Researchers from LSE have today (Friday 20 October) released their analysis of the government's first Section 37 report on the likely costs of the UK Identity Cards Scheme.
The government's report, released earlier this month, provides Parliamentarians with likely set-up costs of the Scheme for the first time, but is criticised for its lack of openness in many key areas.
The requirement to inform Parliament about the costs of the scheme every six months was intended to allow Parliament to provide effective scrutiny of this important Scheme and to 'be able to take action to stop it before it is too late'. The current report, however, fails to disclose much information that would aid this process and, the researchers believe, does little to increase public confidence in the Scheme. The LSE response therefore makes 19 recommendations for any future s37 reports so that Parliamentarians have a better sense of how the Scheme is progressing.
These recommendations include:
Future s37 reports should provide annual cost estimates and not just ten-year totals for both set up and operating costs.
They should include a detailed breakdown of how the projected costs presented during the Parliamentary process compare to the current estimates in all future reports.
Future s37 reports should describe in detail any policy and design changes that have led to changes in cost structures, and how these relate back to the stated benefits. Any changes to the Scheme must be announced and contrasted with statements made when the Bill was in Parliament.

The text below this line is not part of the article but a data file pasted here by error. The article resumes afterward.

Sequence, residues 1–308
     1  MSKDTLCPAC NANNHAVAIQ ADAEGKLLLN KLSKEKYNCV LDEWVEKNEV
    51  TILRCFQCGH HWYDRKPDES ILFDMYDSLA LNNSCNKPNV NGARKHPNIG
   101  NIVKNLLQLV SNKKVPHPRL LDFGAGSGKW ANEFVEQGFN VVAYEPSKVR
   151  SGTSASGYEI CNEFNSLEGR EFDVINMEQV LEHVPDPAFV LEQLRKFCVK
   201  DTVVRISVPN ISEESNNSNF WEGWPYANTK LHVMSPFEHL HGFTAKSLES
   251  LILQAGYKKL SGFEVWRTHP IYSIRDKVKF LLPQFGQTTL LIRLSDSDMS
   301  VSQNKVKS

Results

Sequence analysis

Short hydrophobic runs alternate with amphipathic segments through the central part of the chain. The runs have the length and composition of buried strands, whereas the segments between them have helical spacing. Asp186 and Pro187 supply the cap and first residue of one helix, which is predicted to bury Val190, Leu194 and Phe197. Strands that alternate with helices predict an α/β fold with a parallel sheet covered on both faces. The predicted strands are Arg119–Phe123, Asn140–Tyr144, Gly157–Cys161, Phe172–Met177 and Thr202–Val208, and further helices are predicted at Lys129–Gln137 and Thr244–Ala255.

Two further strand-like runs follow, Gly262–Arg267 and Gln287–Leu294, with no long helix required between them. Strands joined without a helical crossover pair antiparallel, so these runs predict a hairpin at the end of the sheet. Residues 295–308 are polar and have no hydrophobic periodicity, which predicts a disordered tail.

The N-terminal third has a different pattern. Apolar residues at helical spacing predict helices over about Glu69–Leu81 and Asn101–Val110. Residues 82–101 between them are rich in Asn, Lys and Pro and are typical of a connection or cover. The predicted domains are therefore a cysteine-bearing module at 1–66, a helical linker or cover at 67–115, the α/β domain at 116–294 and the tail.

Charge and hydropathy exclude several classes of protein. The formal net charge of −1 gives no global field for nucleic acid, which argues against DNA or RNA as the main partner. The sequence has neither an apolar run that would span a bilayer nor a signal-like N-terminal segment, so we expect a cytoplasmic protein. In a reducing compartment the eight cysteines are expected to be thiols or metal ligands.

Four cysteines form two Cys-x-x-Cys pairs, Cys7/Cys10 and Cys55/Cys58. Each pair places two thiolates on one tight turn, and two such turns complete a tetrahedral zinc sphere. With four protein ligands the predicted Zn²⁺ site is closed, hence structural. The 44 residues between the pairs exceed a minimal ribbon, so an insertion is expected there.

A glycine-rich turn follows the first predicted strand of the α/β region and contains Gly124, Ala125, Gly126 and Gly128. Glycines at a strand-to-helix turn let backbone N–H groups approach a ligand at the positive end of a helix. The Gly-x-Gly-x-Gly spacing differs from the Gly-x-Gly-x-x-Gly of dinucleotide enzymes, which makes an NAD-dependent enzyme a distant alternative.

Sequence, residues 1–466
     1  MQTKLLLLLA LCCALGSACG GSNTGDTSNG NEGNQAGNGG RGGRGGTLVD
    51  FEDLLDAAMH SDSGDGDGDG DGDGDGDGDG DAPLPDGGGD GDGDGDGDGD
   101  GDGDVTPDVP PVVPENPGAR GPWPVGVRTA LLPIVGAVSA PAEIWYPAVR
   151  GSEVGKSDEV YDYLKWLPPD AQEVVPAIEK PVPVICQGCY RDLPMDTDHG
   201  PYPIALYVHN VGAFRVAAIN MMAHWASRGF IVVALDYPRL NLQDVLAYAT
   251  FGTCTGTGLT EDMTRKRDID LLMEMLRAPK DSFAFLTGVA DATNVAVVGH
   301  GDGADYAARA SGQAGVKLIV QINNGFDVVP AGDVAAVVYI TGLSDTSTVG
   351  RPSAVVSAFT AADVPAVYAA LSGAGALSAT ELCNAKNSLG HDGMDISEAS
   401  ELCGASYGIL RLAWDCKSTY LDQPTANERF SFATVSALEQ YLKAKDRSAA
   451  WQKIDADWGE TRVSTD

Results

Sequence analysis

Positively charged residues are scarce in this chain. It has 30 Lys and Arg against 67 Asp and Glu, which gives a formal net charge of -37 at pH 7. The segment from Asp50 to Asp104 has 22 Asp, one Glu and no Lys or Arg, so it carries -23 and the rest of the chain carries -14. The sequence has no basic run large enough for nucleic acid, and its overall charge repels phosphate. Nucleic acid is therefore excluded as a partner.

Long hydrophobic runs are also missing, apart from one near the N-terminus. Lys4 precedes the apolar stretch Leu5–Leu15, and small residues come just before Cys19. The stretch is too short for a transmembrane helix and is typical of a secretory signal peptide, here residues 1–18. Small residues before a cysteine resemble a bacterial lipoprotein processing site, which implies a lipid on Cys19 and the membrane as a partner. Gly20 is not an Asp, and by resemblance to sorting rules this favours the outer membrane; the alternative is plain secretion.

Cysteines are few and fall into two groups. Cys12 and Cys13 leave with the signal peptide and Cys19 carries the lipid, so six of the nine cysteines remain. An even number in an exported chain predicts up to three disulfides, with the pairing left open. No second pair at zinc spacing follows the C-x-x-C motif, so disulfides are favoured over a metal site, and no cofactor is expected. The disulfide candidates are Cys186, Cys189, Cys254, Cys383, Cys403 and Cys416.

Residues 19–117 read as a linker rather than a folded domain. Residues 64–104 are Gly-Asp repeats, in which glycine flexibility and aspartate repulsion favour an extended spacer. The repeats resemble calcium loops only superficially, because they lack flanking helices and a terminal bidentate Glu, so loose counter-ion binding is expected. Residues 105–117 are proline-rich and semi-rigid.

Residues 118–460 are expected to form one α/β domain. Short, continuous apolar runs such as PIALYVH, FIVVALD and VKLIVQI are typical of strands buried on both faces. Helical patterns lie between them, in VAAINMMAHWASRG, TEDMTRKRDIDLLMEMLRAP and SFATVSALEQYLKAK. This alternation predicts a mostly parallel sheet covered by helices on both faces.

The Home Office should proceed with a new round of OGC reviews of the Scheme due to the significant changes that appear to have now taken place. Because of the lack of Parliamentary scrutiny of the new Scheme, this review and all internal reviews be made public.
The Home Office should reveal whether and to what extent its cost estimates have been reviewed by persons or bodies independent of the Home Office, giving the dates, purposes and conclusions of such reviews.
Parliament should be informed as to whether the roll out of biometric identity cards for UK citizens will be based, in the first instance, on fingerprint identification only, or whether other biometrics (e.g. iris recognition) will be used from the start.
Parliament should be informed as to how a phased-in approach to biometrics will affect the ability of the register to achieve stated policy goals.
The government should begin disclosing non-commercial design decisions such as the number of enrolment centres, so that Parliament can better understand the extent of the Scheme.
The Home Office should inform Parliament on the timeline for project deployment so as to create greater certainty.
Dr Edgar A Whitley, from LSE's Department of Management, said: 'We are surprised that the government has not taken this opportunity to provide Parliament, industry and the British public with more details about this important Scheme. The section 37 report is worryingly vague about the likely timeline for implementation and we remain concerned about the government's ability to start issuing the first biometric identity cards to UK citizens by 2009, given the ongoing uncertainties about the testing and procurement of biometric and secure database technologies.
'As the whole Scheme is currently undergoing an internal review, it is unclear how these figures might change once the review is completed. Moreover, the need for this further review reveals real issues about the effectiveness of the earlier reviews of the project by the OGC gateway process, HM Treasury and KPMG.'
Dr Edgar Whitley, Information Systems Group, Department of Management, tel: 020 7955 7410, email: firstname.lastname@example.org
The LSE Identity Project has issued a number of reports in the last year, and also responses to subsequent government documents, as each has emerged.
To read the LSE response, click here
To read the s37 report, click here
20 October 2006